There is more to power.

Power is surviving genocide. It is strategically silencing one’s voice to ensure survival in the face of death. To accrue power, or to have power, is to reclaim what was considered ‘lost’. There is power in allowing yourself to feel and experience your emotions – joy, happiness anger, sadness, hope, loss, dread, and everything between.

Power is both an inaction and an action and these instances of living and existing are power in of itself. This power, this existence is a gift that was given to us by the wind. In Diné creation stories, niłch’i breathed life into us. Niłch’i allows us to have breath and live. To have that knowledge of our origins, and to have access to that ancestral power is a gift in itself. Winona LaDuke reminds us that power is in our soul. It is within the earth, waiting and reaching towards us whenever we feel lost and disconnected.

Power is intrinsic. It is intergenerational. It is within.

As ‘marginalized’ and ‘oppressed’ peoples, we are powerful. Earlier in another blog post, I mention that the Diné Aesthetic involves healing, surviving, and fighting. Inside each of us, we hold trauma and stress that has become part of bodies, part of our souls, part of our everyday being. We are already powerful people because of the gifts from our ancestors. The healing that will come will allow us to become even more powerful. Because our struggles and our obstacles guide us and allow us to grow and learn. What we inherited and what we will give to our children is our own power, our own gifts, and our own light.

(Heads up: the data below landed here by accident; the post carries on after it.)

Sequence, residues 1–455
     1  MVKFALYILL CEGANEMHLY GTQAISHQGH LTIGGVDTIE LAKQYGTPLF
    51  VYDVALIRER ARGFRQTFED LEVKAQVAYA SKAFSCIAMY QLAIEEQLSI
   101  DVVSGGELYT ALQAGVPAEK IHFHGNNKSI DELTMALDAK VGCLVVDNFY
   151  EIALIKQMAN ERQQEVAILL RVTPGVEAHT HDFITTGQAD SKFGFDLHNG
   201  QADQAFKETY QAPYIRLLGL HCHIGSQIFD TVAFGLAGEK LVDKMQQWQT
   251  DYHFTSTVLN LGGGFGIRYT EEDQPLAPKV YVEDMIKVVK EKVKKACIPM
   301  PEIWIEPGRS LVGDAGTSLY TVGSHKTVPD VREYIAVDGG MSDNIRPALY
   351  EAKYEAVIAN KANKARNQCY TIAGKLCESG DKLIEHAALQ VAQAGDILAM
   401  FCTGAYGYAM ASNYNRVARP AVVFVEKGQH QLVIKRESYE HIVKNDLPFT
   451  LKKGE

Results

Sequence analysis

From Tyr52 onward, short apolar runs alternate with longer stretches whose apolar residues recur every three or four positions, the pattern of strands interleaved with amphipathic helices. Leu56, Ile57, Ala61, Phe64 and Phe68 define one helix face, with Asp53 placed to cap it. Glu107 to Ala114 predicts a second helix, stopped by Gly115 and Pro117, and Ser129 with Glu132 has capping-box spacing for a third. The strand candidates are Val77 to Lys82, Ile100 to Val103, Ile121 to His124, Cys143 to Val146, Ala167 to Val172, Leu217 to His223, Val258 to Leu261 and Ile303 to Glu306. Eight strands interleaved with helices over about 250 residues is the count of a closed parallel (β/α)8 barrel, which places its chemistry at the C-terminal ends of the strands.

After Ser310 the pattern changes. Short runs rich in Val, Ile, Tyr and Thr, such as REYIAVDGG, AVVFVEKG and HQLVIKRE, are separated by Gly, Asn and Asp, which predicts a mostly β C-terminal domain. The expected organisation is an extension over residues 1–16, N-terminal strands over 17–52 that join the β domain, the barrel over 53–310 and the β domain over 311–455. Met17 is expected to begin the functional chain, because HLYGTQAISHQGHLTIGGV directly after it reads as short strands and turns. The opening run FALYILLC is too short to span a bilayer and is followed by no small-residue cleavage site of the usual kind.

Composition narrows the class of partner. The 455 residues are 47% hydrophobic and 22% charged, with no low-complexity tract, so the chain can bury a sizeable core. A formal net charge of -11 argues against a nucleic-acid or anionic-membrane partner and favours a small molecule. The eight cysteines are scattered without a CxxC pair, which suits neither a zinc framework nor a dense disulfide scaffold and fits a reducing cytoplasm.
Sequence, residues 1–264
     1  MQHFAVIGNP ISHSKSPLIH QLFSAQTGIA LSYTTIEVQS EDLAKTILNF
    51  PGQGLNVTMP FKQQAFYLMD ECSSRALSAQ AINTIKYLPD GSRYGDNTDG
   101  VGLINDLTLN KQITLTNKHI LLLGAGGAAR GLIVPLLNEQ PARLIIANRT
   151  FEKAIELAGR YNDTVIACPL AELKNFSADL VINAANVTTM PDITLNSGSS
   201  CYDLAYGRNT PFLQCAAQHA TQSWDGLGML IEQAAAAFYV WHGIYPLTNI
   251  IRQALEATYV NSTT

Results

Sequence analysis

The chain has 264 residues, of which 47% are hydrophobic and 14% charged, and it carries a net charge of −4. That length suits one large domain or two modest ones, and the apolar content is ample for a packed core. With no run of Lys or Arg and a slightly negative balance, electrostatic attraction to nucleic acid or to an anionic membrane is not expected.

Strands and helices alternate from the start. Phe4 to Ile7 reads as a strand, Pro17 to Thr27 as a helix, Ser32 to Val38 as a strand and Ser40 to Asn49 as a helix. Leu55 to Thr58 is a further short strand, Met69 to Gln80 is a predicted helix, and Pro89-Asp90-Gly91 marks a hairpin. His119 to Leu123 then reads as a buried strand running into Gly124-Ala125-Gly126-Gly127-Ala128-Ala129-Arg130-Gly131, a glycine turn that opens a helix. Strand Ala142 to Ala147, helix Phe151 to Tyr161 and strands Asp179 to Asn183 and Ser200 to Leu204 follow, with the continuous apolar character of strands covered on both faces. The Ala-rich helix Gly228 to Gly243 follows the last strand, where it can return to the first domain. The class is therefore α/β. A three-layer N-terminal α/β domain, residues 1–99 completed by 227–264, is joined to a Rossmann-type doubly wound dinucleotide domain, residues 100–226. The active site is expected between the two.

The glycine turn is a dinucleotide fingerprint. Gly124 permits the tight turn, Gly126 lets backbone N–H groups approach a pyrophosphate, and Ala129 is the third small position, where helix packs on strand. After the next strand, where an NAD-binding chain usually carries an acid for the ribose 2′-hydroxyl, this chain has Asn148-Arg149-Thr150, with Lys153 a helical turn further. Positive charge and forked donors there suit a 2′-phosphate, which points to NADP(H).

It is within that light and darkness that we will find the balance of ourselves to wield both sides in a way that promotes health and love towards us and towards the ancestors and to the children who will inherit the earth after us. There is this collective of power that we each have inherited and will continue to pass on.

This power, this ancestral knowledge, this gift, this skill, this anything that is an essence, comes from deep within.

We, both as individuals and as a collective, are encased with the strength and resilience of a people who have been pushed to the edge and who refuse to be pushed further. To refer to a bilagáana, and to claim legitimacy, Michael Foucault defines power as a relation. It is exercised by a variety of people and it exists everywhere and within everyone. Our connection to our culture, our people, our friends, our family, ourselves, within all of that, is power. The connection that we have is power and this empowerment is as old as human thought and existence as we have been told in our creation stories and by our ancestors.

This year, Niłch’itsoh and Hai bring me a reminder. A reminder of the power of myself, of our people, and of our ancestors. A reminder that together as one, we are immensely powerful, and that we can overcome change, because we have each other.

#DearNativeYouth don’t be afraid of the light within yourself. Learn, thrive, and inspire.” – GrandmaSaidNo via Twitter